Acclaimed Fort Worth BBQ restaurant Smoke-a-holics debuts new spinoff
One of the city's top barbecue spots is expanding to the Crockett Row area of Fort Worth: Smoke-a-holics BBQ, whose nearly two-year-old store on Evans Avenue in southeast Fort Worth has won acclaim from BBQ aficionados near and far, will open a location this month inside Crockett Hall, the indoor food hall located at 3000 Crockett St. near the Cultural District.
Smoke-a-holics owner and pitmaster Derrick Walker says the new location will serve most of the items from Smoke-a-holics' original store, from expertly smoked sliced brisket to sides to specialty items such as smoked chicken salad; brisket nachos; and loaded cornbread, a popular dish consisting of cornbread topped with baked beans, chopped brisket, shredded cheese, onions, and barbecue sauce.
"It's ambitious, I know," Walker says. "But we want to offer the full experience."
Walker says the only item that won't be served will be turkey legs, which are a Tuesday-only special at the original store.
Meats will be smoked at the original store and transported, twice a day, to the Crockett Hall location. "It's only about a seven-minute drive, so if we run out of something, we can run it over pretty fast," Walker says.
Since opening two years ago in a tiny 1,000-square-foot building, Smoke-a-holics has become one of the top barbecue joints in Texas, garnering local, regional, and national attention, including a nomination for Best New Restaurant of 2020 in CultureMap's annual Tastemaker Awards. Most recently, the restaurant was featured in Garden + Gun magazine.
Walker's a Fort Worth native who got started in the barbecue business in 2006 by catering special events and hosting pop-ups. In 2018, he purchased a food truck from the owners of Panther City BBQ and began parking on weekends on South Hulen Street, where he quickly developed a following.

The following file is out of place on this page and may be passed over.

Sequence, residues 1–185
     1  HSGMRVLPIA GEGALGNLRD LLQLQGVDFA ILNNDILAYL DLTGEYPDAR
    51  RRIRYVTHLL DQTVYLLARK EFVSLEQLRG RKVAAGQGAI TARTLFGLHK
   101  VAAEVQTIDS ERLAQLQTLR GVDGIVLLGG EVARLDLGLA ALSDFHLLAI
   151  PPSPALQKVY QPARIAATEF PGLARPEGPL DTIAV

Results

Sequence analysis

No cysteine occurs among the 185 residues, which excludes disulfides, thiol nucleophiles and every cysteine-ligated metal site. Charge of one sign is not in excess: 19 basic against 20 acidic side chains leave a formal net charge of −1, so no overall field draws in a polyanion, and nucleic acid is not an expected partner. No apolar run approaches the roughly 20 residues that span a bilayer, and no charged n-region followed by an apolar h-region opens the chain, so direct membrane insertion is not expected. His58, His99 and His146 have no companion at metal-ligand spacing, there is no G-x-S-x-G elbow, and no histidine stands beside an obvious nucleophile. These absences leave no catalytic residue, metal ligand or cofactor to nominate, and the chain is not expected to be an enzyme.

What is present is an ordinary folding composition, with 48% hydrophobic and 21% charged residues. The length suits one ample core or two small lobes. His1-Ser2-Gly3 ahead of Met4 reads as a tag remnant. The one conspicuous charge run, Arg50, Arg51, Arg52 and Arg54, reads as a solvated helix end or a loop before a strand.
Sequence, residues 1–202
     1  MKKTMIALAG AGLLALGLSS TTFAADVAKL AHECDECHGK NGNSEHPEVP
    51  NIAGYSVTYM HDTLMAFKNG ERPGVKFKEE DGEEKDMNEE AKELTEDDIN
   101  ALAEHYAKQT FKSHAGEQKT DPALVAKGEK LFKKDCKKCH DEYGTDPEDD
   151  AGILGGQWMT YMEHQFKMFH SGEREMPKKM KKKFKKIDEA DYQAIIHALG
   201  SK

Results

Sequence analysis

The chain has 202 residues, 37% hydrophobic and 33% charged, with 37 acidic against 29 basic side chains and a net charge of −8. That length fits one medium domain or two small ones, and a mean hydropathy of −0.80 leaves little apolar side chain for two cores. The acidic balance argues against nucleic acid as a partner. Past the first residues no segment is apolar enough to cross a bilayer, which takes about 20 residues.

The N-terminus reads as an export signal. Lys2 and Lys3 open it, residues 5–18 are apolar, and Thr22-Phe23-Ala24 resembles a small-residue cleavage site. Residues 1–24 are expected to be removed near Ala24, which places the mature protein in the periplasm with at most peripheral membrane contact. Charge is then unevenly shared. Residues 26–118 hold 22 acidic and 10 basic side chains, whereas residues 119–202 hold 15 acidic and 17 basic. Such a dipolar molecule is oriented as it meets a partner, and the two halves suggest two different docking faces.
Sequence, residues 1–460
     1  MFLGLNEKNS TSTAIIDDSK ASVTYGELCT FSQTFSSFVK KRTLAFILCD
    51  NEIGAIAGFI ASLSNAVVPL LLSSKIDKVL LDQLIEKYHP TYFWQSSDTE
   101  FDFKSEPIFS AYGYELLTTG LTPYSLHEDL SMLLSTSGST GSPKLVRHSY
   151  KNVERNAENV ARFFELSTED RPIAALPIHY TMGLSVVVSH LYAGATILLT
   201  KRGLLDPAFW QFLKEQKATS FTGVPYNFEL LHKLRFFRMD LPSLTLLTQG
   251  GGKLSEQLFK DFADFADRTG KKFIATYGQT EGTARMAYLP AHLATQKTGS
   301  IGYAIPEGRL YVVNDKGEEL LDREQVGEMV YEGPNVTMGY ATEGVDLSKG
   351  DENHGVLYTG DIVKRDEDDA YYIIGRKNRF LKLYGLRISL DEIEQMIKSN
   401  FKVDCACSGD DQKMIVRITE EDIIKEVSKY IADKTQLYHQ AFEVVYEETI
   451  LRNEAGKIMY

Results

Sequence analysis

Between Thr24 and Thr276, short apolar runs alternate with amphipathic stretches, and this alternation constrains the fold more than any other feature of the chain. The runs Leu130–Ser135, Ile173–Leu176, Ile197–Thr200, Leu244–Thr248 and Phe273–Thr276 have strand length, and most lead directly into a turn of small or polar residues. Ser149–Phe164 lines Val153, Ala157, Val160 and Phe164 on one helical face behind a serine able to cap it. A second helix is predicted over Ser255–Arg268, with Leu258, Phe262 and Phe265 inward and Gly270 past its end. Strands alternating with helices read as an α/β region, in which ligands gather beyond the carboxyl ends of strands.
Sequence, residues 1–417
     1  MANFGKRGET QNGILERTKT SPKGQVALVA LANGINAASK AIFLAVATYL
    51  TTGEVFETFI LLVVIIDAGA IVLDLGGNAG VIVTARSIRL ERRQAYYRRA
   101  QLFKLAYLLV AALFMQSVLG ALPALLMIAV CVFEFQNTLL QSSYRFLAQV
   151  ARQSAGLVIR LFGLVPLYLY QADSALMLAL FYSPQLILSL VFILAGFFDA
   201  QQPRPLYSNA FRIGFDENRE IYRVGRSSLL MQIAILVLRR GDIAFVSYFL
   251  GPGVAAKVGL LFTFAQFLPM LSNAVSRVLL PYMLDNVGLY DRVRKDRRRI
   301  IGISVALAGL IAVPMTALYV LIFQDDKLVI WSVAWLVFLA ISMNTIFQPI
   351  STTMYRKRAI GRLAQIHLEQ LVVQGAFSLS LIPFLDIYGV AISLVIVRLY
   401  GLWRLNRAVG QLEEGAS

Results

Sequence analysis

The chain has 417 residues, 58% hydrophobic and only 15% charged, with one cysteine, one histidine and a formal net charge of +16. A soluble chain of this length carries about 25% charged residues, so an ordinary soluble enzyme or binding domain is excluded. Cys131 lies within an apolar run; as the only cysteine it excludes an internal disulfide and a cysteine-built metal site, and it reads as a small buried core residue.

Walker had been toying with the idea of expanding for months. "We looked at the old Dickey's building (on University Dr.), which isn't too far from the food hall," he says. "We've looked at other places, too, a lot of other places. But we worked out a really good deal for the space at the food hall — an offer we couldn’t refuse."
Originally known as the Food Hall at Crockett Row, the 16,000-square-foot indoor food mall opened in 2018 with nearly a dozen vendors, including John Tesar's Knife. Business, however, was up and down, and vendors came and went, clouding the hall's future.
Last summer, the hall was rebooted by Dallas-based designer Bruce Russo of B. Russo Designs. Russo added several new vendors, featuring many concepts he developed himself, along with new architectural and design elements.
Smoke-a-holics will fill the void left by Not Just Q, a barbecue restaurant in the food hall that closed in November. It'll be open Wednesday-Saturday from 11 am-7 pm, or until sold out.
"Bruce said people have been coming in and asking for barbecue, so there's a need for it,” Walker says. "There's thousands of people who live in Crockett Row, so there's a lot of potential. The place should be hopping."